BERMAN: I want to bring you out the scene on some other news now. The latest in the Trayvon Martin shooting case, attorneys for accused murderer, George Zimmerman, doing everything they can to get the judge tossed off this case. They've already asked Seminole County Circuit Judge Kenneth Lester to step down, but he refused and now they filed an appeal to have him removed.

SAMBOLIN: In the wake of Jerry Sandusky child sex abuse cover- up. Penn State University has been warned that its accreditation is in jeopardy. The Middle State Commission on Higher Education accredit schools in the mid-Atlantic and has asked Penn State to submit a report by the end of this month detailing the steps it is taking to comply with standards on leadership and governance as well as integrity.

BERMAN: The mother of a man suspected in a deadly shootout here at Texas A&M University says her son was ill. Police fatally shot 35- year-old Thomas Couple after he allegedly killed two people just blocks from the campus. A law enforcement officer serving an eviction notice was killed along with a civilian bystander.

SAMBOLIN: An Alabama woman is expected to make a full recovery this morning somehow escaping serious injury after losing control of her car and listen to this plunging 40 feet off a bridge into Mobile Bay.

Rescue workers got to 39-year-old Melissa Morris very quickly Sunday afternoon, holding her afloat in the water until a boat could arrive and bring her to shore.

Police say Morris was going too fast when she lost control of the car and flipped over the side of that bridge. If a few more seconds had passed, police say she might have gone under with her Ford Mustang convertible. That's some scary moments for that woman.

So a discovery for the ages, the lost pyramids of Egypt found with a tool we probably all used on the web. That story coming up.

BERMAN: How do you lose a pyramid? They are pretty big.

SAMBOLIN: I don't know. We're going to find out.


BERMAN: Welcome back to EARLY START, everyone. It is 10 minutes after the hour. I'm John Berman.

SAMBOLIN: And I'm Zoraida Sambolin. Happy that you're with us this morning. Two separate fires, one big headache, this is in Northern California. More than 5,000 acres have burned in Lake County, California. Three subdivisions were under mandatory evacuation orders including close to 500 homes in Long Valley and Spring Valley.

People in Wilbur Hot Springs were also told to leave their homes, but evacuation orders were lifted last night in Spring Valley. One of the fires has destroyed at least three structures. One firefighter was injured.

Meteorologist Rob Marciano is following conditions in the western United States. Rob, we also understand we have some excessive heat warnings out there.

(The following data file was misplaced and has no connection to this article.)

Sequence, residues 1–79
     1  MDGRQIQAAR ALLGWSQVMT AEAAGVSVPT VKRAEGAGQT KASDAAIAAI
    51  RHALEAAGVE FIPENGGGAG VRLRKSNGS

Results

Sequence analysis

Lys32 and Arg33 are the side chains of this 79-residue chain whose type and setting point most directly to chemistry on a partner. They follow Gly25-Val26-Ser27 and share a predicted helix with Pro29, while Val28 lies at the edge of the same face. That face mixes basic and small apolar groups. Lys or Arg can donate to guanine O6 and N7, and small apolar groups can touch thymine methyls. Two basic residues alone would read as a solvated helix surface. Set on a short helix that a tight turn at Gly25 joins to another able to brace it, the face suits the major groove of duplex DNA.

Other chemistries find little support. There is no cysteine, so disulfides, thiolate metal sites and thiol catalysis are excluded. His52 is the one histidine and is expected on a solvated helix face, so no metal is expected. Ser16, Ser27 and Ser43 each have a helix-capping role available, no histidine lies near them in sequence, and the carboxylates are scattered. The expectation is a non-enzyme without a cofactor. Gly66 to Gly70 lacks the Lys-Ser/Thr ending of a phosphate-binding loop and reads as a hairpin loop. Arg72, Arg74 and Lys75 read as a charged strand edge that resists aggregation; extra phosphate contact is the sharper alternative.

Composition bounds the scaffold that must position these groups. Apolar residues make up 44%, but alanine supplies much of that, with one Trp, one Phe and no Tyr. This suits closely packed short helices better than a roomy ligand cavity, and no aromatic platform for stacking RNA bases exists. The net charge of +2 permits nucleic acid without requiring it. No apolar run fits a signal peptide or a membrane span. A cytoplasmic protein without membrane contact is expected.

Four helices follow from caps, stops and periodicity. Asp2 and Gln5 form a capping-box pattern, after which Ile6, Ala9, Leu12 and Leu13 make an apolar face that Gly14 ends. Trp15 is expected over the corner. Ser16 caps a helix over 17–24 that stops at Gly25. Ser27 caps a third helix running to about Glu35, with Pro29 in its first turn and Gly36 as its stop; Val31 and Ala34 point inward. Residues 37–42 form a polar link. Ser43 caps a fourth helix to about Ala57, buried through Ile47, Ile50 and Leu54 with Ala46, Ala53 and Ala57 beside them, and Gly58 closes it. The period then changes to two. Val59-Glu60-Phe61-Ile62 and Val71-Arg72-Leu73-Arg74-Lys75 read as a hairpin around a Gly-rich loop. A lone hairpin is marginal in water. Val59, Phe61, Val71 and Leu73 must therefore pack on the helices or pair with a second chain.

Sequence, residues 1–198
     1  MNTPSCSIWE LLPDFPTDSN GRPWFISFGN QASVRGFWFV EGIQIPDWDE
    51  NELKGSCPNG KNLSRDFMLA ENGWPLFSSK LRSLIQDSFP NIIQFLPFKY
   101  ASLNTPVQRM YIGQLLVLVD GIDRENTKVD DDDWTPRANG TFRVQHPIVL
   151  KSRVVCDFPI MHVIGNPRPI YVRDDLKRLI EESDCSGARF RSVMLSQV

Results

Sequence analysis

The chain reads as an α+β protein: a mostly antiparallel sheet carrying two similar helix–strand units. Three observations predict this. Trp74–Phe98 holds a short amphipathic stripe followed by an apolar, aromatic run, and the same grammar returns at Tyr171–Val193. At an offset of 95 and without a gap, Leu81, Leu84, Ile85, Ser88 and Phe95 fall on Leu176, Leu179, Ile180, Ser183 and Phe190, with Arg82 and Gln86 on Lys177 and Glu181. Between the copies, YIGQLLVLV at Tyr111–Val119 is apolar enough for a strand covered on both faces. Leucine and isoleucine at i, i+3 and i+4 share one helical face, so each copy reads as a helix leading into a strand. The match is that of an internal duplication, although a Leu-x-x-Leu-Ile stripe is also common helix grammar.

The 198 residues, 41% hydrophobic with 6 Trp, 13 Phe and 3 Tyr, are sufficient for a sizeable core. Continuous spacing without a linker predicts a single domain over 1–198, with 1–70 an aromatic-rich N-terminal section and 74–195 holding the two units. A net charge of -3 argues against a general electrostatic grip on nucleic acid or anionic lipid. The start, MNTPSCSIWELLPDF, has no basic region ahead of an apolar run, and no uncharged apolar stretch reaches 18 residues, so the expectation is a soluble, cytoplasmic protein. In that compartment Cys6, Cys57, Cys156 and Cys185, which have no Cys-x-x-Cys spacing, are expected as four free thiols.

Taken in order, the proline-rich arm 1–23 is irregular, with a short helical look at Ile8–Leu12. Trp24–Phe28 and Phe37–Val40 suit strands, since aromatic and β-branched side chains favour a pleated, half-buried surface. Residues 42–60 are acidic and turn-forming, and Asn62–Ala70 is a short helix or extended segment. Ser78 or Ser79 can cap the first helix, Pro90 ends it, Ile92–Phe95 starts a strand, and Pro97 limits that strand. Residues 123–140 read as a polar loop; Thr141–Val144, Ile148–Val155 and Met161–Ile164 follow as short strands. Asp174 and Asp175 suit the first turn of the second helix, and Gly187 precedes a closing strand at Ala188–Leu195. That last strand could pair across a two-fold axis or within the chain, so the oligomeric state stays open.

ROB MARCIANO, AMS METEOROLOGIST: Yes, that's not helping obviously. We get temperatures that are in the triple digits this time of year. And that's what gets us into the peak of fire season, 59 large uncontained fires right now across the west, especially the intermountain west and parts of the inland valleys of California.

That's where these fires are across Lake Country, north of Napa Valley and northwest of Sacramento as well. Anywhere from 25 percent to 35 percent containment with these, but they are still going to have to deal with some heat today.

No critical fire danger for that area. That's good news. Winds will be sporadic. More gusty I think across parts of the northern mountain west including Western Montana. The desert southwest including So Cal will be hot again today.

It's 115 or better in Palm Springs. As a matter of fact, just east of Palm Springs, there's a fire burning there as well, heat contributing to some of that.

It's 81 degrees in Chicago. The past five days, Chicago has been below average for temperatures. That hasn't happened since fall of last year. Bump it up a couple more degrees today.

As we get towards the weekend, we sink into a cooler than average scenario for parts of the central part of the country. That's good news for the drought. Not a whole lot of rain.

Rain from New York, D.C. back through Erie, Pennsylvania, potentially some of that could be severe, some of these thunderstorms firing up across this area right now.

Just kind of garden type showers and thunderstorms, but later on in the afternoon, she's could get a little bit more active, including parts of the southeast, where Atlanta right now is getting into the act as far as some boomers are concerned.